R.O. Hardin Elementary School in early May hosted school leaders from throughout the nation who came to witness an innovative early literacy program and learn how to replicate its success.
The Hollister School District site May 4 hosted educational leaders who included state superintendents, governors and other top policymakers. It was the latest in a series of visits to R.O. Hardin involving education leaders from other areas who have interest in this approach to literacy instruction.
Dozens of education leaders visited the school where literacy measurables have improved drastically over the past four years. That is when R.O. Hardin administrators embarked on a groundbreaking literacy partnership with Seaside-based Chartwell School and the University of California San Francisco’s Dyslexia Center that has led to remarkable advancements.
The visit was in collaboration with the Hunt Institute, which aims to “bring together people and resources to inspire and inform elected officials and policymakers about key issues in education.”
R.O. Hardin is among four Hollister School District campuses using the model, while the approach will be brought to all of the district’s schools starting next year, said Dr. Colleen Myers, director of educational services.
The literacy program focuses on small-group instruction using the Chartwell model, the Preventing Academic Failure reading program and ongoing neuroscience analysis from the UCSF Dyslexia Center. R.O. Hardin intervention teacher Nikki Bell oversees a team of instructional aides who play a key role in allowing for the small-group, one-on-one approach.
Led by educators and administrators from the Hollister School District, the visitors met the morning of May 4 in the school library before heading off in groups to monitor the classrooms where the approach has been implemented.
They saw the results firsthand. In a kindergarten class, an instructional aide sounded out “G-A-S” while prompting three students at the table to spell along and then pronounce the word.
“Wait, I get to do another one,” insisted an eager young student.
At a table of four, another instructor was going through the alphabet and asking students what sound to make for each letter. These are among many examples of what the hands-on approach looks like.
These were just a couple examples representing the atmosphere at R.O. Hardin.
Bob Wise, a Chartwell board member and the former governor of West Virginia, was once again in awe of the implementation at R.O. Hardin.
“This is another indication of how much progress Hollister is making,” Wise said outside one the classrooms while educators moved from room to room. “These folks are literally leaders from across the country in different states. You’ve got two state superintendents here as well as representatives of the California Superintendent’s Office. This is going to guide policy decisions and teaching decisions across the country.”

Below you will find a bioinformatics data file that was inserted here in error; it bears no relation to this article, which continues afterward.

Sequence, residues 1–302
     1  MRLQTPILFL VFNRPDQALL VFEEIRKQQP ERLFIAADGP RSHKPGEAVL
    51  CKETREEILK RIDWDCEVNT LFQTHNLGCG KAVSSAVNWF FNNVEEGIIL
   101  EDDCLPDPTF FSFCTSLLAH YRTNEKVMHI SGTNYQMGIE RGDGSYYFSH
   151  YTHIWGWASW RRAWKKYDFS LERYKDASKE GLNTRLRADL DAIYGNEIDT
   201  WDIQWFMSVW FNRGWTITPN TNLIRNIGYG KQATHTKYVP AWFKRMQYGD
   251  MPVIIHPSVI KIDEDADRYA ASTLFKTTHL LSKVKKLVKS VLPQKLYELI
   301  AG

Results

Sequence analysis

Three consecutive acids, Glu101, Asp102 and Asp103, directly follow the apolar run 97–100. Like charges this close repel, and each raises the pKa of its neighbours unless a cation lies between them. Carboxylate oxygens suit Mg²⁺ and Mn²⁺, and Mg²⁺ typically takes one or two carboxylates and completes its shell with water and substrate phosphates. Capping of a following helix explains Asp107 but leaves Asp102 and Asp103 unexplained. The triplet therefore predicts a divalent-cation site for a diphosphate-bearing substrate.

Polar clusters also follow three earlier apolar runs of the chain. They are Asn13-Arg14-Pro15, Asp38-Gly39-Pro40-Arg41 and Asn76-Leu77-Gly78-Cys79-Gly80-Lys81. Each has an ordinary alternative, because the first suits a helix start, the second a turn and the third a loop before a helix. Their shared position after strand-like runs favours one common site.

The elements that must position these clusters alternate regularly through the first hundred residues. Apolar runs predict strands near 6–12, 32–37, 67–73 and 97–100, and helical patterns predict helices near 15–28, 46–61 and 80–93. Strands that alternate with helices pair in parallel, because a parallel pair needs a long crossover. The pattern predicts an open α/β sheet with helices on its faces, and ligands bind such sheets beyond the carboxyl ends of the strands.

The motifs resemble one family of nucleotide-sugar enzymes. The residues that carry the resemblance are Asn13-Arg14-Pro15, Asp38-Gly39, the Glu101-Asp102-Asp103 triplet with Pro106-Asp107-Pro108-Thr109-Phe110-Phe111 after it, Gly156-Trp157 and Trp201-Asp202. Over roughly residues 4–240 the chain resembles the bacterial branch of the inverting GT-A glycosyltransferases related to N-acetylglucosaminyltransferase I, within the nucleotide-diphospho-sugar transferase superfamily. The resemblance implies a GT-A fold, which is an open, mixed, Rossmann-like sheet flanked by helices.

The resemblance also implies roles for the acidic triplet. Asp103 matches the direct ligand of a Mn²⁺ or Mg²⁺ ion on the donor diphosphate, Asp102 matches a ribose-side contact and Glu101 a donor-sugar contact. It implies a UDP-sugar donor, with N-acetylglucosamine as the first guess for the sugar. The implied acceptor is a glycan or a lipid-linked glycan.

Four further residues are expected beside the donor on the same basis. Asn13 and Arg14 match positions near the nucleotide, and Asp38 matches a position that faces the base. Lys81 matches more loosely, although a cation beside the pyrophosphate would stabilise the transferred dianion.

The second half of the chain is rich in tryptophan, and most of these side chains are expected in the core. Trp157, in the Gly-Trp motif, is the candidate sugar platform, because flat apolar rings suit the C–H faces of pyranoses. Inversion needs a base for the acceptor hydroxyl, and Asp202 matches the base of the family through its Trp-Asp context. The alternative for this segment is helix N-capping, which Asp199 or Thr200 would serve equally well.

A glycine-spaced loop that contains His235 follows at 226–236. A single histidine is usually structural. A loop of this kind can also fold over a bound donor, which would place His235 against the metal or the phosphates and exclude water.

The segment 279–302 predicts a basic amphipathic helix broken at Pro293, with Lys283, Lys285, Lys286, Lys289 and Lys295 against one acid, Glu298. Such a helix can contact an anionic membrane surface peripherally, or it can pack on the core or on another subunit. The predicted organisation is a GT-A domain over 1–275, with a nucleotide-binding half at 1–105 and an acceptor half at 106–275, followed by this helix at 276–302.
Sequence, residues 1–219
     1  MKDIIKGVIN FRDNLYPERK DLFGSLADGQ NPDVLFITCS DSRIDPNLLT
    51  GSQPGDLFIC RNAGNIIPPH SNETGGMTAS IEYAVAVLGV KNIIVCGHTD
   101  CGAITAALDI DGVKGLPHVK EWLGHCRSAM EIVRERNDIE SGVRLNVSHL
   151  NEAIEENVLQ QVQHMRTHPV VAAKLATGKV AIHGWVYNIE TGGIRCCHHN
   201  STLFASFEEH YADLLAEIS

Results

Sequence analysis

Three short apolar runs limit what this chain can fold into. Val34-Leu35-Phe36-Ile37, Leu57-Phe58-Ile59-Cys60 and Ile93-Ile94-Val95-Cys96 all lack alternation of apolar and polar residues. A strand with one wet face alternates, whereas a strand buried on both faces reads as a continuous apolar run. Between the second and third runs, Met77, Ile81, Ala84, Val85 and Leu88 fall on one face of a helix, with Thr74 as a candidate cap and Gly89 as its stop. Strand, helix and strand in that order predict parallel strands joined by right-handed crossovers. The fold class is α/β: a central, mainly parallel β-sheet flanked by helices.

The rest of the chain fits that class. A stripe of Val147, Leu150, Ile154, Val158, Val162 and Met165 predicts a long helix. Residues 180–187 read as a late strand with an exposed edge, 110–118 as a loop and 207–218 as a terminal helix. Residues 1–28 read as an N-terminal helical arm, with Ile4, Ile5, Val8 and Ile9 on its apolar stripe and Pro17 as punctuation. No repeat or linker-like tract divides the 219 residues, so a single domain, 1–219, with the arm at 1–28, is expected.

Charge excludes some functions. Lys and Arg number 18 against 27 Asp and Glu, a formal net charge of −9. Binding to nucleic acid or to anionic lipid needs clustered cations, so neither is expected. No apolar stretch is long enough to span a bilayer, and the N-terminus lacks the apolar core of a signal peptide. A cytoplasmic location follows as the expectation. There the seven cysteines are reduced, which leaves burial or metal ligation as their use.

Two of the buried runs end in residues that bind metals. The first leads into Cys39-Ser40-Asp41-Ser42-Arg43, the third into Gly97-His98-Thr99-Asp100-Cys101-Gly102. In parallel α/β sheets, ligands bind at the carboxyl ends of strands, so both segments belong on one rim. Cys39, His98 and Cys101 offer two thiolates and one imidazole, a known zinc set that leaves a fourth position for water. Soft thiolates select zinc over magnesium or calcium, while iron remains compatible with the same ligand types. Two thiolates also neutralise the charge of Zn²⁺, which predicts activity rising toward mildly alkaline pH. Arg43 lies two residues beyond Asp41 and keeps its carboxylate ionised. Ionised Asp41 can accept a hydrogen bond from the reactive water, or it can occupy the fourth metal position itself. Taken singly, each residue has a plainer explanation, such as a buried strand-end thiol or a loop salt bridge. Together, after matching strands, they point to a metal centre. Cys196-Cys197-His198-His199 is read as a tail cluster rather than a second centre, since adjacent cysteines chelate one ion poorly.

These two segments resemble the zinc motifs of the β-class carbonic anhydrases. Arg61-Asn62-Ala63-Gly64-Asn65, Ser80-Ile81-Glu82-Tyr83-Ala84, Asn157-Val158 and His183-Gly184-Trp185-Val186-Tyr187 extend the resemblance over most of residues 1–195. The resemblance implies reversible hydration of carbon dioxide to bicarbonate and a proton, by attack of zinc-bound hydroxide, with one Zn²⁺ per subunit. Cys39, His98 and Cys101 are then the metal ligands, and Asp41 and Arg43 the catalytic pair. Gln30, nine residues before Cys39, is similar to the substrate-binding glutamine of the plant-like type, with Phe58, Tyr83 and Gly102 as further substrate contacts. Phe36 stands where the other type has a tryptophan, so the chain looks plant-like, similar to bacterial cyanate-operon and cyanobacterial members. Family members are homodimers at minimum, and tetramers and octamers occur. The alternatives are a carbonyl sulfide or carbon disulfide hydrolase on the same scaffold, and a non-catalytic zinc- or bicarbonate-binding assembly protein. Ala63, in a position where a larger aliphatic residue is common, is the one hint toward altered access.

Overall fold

Those May 4 visitors had spent the prior day at UCSF along with State Superintendent Tony Thurmond learning about the neuroscience end of the equation. After the tour of classrooms, educators returned to the library for a panel discussion with a Q&A opportunity that involved Myers, Bell, R.O. Hardin Principal Lilia Espinoza, R.O. Hardin teacher Christine Branon and Napa County Superintendent Barbara Nemko who moderated the talk.
Espinoza was asked to kick off the discussion and recalled a moment with teachers when she arrived as principal four years ago.
“In the conversation with teachers, we just said, ‘We have to do something different.’ They all agreed,” she said. “We have to do something different, and it’s going to take every one of us.”
Nemko asked Espinoza to share some data that show progress since the program began upon her arrival.
She noted at the start of the school year, 68% of kindergartners couldn’t read with 26% knowing some letter names and sounds. Now, there are just three students—who are all relative newcomers—still not reading or knowing letter sounds. She said 58% of kindergartners are at grade level with 38% above grade level now.
For kindergarteners through first graders, 22% were at grade level and 2% were above grade level to start the year. Now, 33% are at grade level with 16% above. She said 55% of all students have shown growth.
“That, to me, is huge,” she said.
When Espinoza mentioned this is the first time ever for the school having students reading above grade level, the visiting educators gave an enthusiastic applause.
Myers also stressed to the group how at-risk and accelerated students all take part.
“No longer are we sectioning off students to another classroom,” she said.
Hollister School District Superintendent Erika Sanchez joined the tour and panel discussion while welcoming all of the distinguished officials. While moving from classroom to classroom, Sanchez spoke to one of the groups about the challenges districts face, particularly when there are budget cuts, and how it’s necessary to continually adapt.
“It’s the story of what truly happens,” she said. “You have to pivot. You have to be resilient.”